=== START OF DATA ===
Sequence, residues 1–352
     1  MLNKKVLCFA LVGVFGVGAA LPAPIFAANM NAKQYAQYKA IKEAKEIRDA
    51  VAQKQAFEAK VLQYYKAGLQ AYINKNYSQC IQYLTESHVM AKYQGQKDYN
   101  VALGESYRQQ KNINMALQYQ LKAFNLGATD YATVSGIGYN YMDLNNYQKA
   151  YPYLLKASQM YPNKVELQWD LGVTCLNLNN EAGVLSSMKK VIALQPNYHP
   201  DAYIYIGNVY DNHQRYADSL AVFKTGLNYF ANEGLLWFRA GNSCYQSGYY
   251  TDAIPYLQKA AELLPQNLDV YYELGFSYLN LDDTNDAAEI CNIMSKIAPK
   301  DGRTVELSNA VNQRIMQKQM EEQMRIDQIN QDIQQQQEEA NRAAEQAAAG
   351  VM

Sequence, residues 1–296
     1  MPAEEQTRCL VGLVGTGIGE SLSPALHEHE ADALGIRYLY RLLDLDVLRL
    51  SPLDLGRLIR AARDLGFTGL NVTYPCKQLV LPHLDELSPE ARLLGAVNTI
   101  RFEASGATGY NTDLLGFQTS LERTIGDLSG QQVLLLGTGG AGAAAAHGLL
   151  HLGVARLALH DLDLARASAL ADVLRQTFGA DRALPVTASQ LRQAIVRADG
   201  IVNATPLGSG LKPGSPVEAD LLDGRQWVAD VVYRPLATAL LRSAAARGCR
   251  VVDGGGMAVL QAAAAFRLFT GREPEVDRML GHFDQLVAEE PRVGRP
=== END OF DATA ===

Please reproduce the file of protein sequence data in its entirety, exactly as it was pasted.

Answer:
Sequence, residues 1–352
     1  MLNKKVLCFA LVGVFGVGAA LPAPIFAANM NAKQYAQYKA IKEAKEIRDA
    51  VAQKQAFEAK VLQYYKAGLQ AYINKNYSQC IQYLTESHVM AKYQGQKDYN
   101  VALGESYRQQ KNINMALQYQ LKAFNLGATD YATVSGIGYN YMDLNNYQKA
   151  YPYLLKASQM YPNKVELQWD LGVTCLNLNN EAGVLSSMKK VIALQPNYHP
   201  DAYIYIGNVY DNHQRYADSL AVFKTGLNYF ANEGLLWFRA GNSCYQSGYY
   251  TDAIPYLQKA AELLPQNLDV YYELGFSYLN LDDTNDAAEI CNIMSKIAPK
   301  DGRTVELSNA VNQRIMQKQM EEQMRIDQIN QDIQQQQEEA NRAAEQAAAG
   351  VM

Sequence, residues 1–296
     1  MPAEEQTRCL VGLVGTGIGE SLSPALHEHE ADALGIRYLY RLLDLDVLRL
    51  SPLDLGRLIR AARDLGFTGL NVTYPCKQLV LPHLDELSPE ARLLGAVNTI
   101  RFEASGATGY NTDLLGFQTS LERTIGDLSG QQVLLLGTGG AGAAAAHGLL
   151  HLGVARLALH DLDLARASAL ADVLRQTFGA DRALPVTASQ LRQAIVRADG
   201  IVNATPLGSG LKPGSPVEAD LLDGRQWVAD VVYRPLATAL LRSAAARGCR
   251  VVDGGGMAVL QAAAAFRLFT GREPEVDRML GHFDQLVAEE PRVGRP